RedlineBy Admin
    1 week ago
  • 2021 SkS Weekly Climate Change & Global Warming News Roundup #47
    Listing of articles linked to on the Skeptical Science Facebook Page during the past week: Sun, November 14, 2021 through Sat, November 20, 2021 The following articles sparked above average interest during the week: Do Androids Dream Of Electric Sheeple? A.I. Maps 20 Years of Climate Conspiracies, COP Negotiators Demand Nations ...
    1 week ago
  • The F Words, by Barbara Gregorich
    Book review Barbara Gregorich is a writer and long time anti-capitalist in the US. She and her husband were interviewed for Redline about the social movements of the 1960s. Her latest book The F Words, has been reviewed by Guy Miller for Redline. The F Words by Barbara Gregorich bears ...
    RedlineBy Admin
    1 week ago
  • The Scourge of the Aimless Kick
    The below-par All Black performance against France was – sadly – afflicted, again, by what has become a feature of New Zealand rugby – the scourge of the aimless kick. It is surely a truism that, to win a rugby match, you must have the ball. But time and time ...
    Bryan GouldBy Bryan Gould
    1 week ago
  • Delta Rocks Gibraltar: Lessons to be learned from Covid-19’s global resurgence.
    Hard To Beat: Perhaps the most important lesson to be drawn from what is happening in Gibraltar is that vaccination is not a magic bullet. Yes, it makes it harder to contract the virus, and significantly ameliorates its worst effects, but it does not confer absolute immunity to Covid-19 – ...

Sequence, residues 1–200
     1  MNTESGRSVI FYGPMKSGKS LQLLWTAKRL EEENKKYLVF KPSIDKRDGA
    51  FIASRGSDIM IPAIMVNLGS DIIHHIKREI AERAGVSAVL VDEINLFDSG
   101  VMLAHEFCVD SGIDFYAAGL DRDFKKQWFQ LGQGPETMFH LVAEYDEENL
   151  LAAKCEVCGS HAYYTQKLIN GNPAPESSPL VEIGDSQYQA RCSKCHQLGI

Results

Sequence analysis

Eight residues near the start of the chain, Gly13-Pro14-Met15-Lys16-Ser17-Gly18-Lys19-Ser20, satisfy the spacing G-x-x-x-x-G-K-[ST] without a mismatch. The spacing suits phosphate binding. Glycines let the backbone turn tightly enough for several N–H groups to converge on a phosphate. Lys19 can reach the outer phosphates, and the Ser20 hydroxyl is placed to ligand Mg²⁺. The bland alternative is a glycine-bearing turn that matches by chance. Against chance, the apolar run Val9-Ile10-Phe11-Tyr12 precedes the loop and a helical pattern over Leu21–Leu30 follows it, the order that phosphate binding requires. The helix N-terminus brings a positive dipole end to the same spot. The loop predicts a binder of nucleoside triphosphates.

1 week ago
  • I’ll take the masks and vaccines, thank you
    From Stuff:I don't want to be pedantic, but I'm pretty sure neither masks nor vaccines figure much in the Gospel of Saint John; nor has Jesus shown much efficacy in protecting people from anything. ...
    1 week ago
  • Hell To Pay: The alarming similarities between the Anti-Vaccination Movement and the creators of the...
    Never Let Go: If the violent prejudices of the Jim Crow South, echoing through contemporary struggles, teach us anything, it is that the defence of rationality, science and progressivism must never be allowed to falter. Those pre-modern night-riders, filled with unrelenting hate, are still out there. If the troops of ...
    2 weeks ago
  • A Peak Out of Auckland? + Other Covid Musings
    At last, we have some cause for optimism out of Auckland’s interminable Covid outbreak. Knowing our luck, it might be a false dawn… but there are some signs that we have seen the peak:
    2 weeks ago
  • Sing Song about Hard Times
    Celebrating Poet Anne KennedyThe 2021 Prime Minister's Award for Literary Achievement for Poetry went to Anne Kennedy. I have enjoyed her work since her first collection Sing Song. The poems’ setting is in the domestic life of a family of four, told from the mother’s perspective: moving house, the gruelling ...
    PunditBy Brian Easton
    2 weeks ago
  • A good problem to have
    Norway is the global success story on electric car uptake, with early policy and a well-signalled 2025 cutoff point for fossil vehicles resulting in 77% of new cars being EV's. But now they have a problem: not enough dirty cars to tax: Norway’s electric dream has been credited to ...
    No Right TurnBy Idiot/Savant
    2 weeks ago
  • Gordon Campbell on the politics of anger, plus a music playlist